The AICN under Kivuli was eager to establish and develop ecumenical contacts with other churches and Faith Based Organizations. When the evangelical agency World Vision held the first, all pastors’ conference in Nairobi in 1968, the AICN had the largest delegation. The AICN became a member of the National Council of Churches in Kenya in 1970 and an associate member of the World Council of Churches in 1975. When the Organization of the African Instituted Churches (OAIC) was formed in Nairobi in 1978, the AICN became one of its most active members; the current Archbishop of the church, John Mweresa Kivuli II, has been the chair of the East African branch of the OAIC.
Zakayo Kivuli died on November 10, 1974. He had hoped that his son Moses Aluse who had undergone theological training at St. Paul’s Theological College, Limuru would succeed him. Unfortunately, Aluse fell ill and could not take the leadership. Kivuli therefore appointed a council of seven elders to decide who should lead the church after his demise, with preference being given to a member of his family. The church thereafter experienced a time of power struggles and splintering until the council of elders decided to appoint Mama Rebecca, his widow, as high priest. She retired from the leadership at the end of 1982 and on March 20, 1983, Zakayo Kivuli’s grandson John Mweresa Kivuli II was consecrated as high priest. The young Kivuli instituted radical changes including changing the structure of the church. In 1989, Kivuli II became bishop instead of high priest for theological reasons. In 1991, he was consecrated as Archbishop.
Zakayo Kivuli’s vision continues to be upheld by his grandson and the church continues to grow. Padwick states that by 2005 the membership of the church was 178,000 in Kenya, Uganda and Tanzania.  It had 125 regions and 447 centers (each center has about eight local churches, assemblies or pastorates). The church is the epitome of the “Three Self” principle of Henry Venn, being self- governing, self-propagating, and self–supporting. The current archbishop is highly educated in theological studies.
Philomena Njeri Mwaura
- Susan W. Murimi, “The Changing Face of Pentecostalism in Kenya Since 1910: An Examination of Historical, Religious and Cultural Dynamics,” (unpublished Ph.D. Thesis, Akrofi-Christaller Institute of Theology, Mission and Culture, 2013), 95.
- Ezekiel M. Kasiera, “The Development of Pentecostal Christianity in Western Kenya” (unpublished Ph.D. Thesis, University of Aberdeen, 1984), 212-213.
- Susan Murimi, “The Changing Face of Pentecostalism in Kenya Since 1910,” 103.
- F. B. Welbourn and B. A. Ogot, A Place to Feel at Home: A Study of Two Independent Churches in Western Kenya. (Nairobi: Oxford University Press, 1966), 73.
- Timothy John Padwick, “Spirit, Desire, and the World: Roho Churches of Western Kenya in the Age of Globalization” (Unpublished Ph.D. Thesis, University if Birmingham. 2003), 90.ng’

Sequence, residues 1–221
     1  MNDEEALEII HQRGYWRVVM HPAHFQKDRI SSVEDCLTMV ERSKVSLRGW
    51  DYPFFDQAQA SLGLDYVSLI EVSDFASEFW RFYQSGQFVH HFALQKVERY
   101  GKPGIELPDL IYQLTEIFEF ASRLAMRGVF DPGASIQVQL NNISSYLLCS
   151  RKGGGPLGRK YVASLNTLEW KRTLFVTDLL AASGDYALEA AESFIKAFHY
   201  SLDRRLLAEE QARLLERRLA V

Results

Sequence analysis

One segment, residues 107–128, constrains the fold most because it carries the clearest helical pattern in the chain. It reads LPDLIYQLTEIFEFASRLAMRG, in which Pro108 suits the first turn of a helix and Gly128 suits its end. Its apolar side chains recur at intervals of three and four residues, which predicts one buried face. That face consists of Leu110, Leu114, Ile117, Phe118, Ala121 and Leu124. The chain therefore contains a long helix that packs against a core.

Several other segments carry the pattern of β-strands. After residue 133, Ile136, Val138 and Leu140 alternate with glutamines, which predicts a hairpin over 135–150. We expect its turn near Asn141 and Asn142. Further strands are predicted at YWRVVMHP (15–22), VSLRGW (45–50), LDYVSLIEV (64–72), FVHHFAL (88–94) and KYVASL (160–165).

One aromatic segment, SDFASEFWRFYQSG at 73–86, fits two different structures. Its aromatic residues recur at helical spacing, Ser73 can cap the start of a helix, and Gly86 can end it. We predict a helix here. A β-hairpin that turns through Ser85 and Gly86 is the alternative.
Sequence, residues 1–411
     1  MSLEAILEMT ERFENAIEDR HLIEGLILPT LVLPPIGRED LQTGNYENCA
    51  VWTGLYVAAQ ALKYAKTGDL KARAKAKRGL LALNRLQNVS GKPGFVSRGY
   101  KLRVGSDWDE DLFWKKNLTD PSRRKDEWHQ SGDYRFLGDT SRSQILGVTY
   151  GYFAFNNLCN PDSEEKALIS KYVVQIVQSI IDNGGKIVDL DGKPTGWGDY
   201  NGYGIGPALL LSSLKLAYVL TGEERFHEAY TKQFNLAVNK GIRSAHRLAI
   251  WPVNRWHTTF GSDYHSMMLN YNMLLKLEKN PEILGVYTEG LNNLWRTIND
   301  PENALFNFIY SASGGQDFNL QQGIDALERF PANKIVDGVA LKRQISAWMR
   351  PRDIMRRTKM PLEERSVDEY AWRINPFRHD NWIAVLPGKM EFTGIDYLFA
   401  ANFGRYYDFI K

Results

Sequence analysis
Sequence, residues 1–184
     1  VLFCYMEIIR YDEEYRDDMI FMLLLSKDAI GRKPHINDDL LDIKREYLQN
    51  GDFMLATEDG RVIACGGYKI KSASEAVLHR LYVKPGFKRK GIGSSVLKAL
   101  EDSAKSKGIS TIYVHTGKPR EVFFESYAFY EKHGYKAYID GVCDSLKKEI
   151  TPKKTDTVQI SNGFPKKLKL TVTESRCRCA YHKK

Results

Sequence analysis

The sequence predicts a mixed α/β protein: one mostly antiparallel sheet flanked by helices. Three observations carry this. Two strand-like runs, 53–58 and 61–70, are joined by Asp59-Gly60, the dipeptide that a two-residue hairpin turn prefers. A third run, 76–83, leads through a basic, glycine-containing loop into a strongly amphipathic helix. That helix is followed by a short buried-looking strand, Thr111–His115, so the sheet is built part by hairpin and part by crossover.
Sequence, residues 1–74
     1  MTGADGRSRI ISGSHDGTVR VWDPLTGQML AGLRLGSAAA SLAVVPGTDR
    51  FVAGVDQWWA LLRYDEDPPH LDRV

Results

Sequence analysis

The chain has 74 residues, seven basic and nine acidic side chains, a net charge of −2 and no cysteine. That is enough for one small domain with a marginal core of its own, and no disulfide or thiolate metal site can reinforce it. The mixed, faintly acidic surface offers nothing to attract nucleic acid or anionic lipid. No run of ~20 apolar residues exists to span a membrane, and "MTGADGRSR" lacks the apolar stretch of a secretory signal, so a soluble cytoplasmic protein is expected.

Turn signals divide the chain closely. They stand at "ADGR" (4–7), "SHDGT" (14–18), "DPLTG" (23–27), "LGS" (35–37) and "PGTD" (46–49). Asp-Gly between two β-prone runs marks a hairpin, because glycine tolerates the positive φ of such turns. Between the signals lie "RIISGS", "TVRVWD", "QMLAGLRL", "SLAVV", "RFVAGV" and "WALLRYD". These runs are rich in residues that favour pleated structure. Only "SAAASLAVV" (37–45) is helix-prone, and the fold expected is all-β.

- Welbourn and Ogot, A Place to Feel at Home, 75.
- Welbourn and Ogot, A Place to feel at Home, 75.
- Padwick, “Spirit, Desire and the World,” 90.
- Welbourn and Ogot, A Place to Feel at Home, 76.
- This information is based on interviews conducted by Welbourn on Kivuli and his church. See Welbourn and Ogot, A Place to Feel at Home, 77.
- Welbourn and Ogot, A Place to Feel at Home, 77.
- See Susan W. Murimi, “The Changing Face of Pentecostalism in Kenya Since 1910.””
- Padwick, “Spirit, Desire and the World,” 93.
- Padwick, “Spirit, power and Desire in the World,” 91
- Welbourn and Ogot, A Place to Feel at Home, 81.
- North Nyanza District Council, Report of Committee on Africa Religious Bodies in North Nyanza, 1959, cited in Welbourne and Ogot, A Place to Feel at Home, 84.
- Padwick, “Spirit, Desire and World,” 65.
- Norbert C. Brockman (ed.), Dictionary of African Historical Biography, Santa Barbara: University of California Press, 1994.
- Padwick, “Spirit, Desire and World,” 94.
Brockman, N. C. (ed.). Dictionary of African Historical Biography. Santa Barbara: University of California Press, 1994.
Kasiera, E.M. “The, Development of Pentecostal Christianity in Western Kenya.” Unpublished PHD Thesis, University of Aberdeen. 1984.
Murimi, S.W. “The Changing Face of Pentecostalism in Kenya Since 1910: An Examination of Historical, Religious and Cultural Dynamics.” Unpublished PHD Thesis, Akrofi-Christaller Institute of Theology, Mission and Culture, 2013.
North Nyanza District Council. Report of Committee on Africa Religious Bodies in North Nyanza, 1959.
Padwick, T. J. “Spirit, Desire and the World: Roho Churches of Western Kenya in the Age of Globalization.” Unpublished PHD Thesis, University if Birmingham. 2003.
Welbourn, F. B. and B. A. Ogot. A Place to Feel at Home: A Study of Two Independent Churches in Western Kenya. Nairobi: Oxford University Press, 1966.
This article, received in 2018, was written by Prof. Dr. Philomena Njeri Mwaura, Director of the Centre for Gender Equity and Empowerment; Associate Professor, Department of Philosophy and Religious Studies at Kenyatta University (Nairobi, Kenya), and DACB Advisory Council member.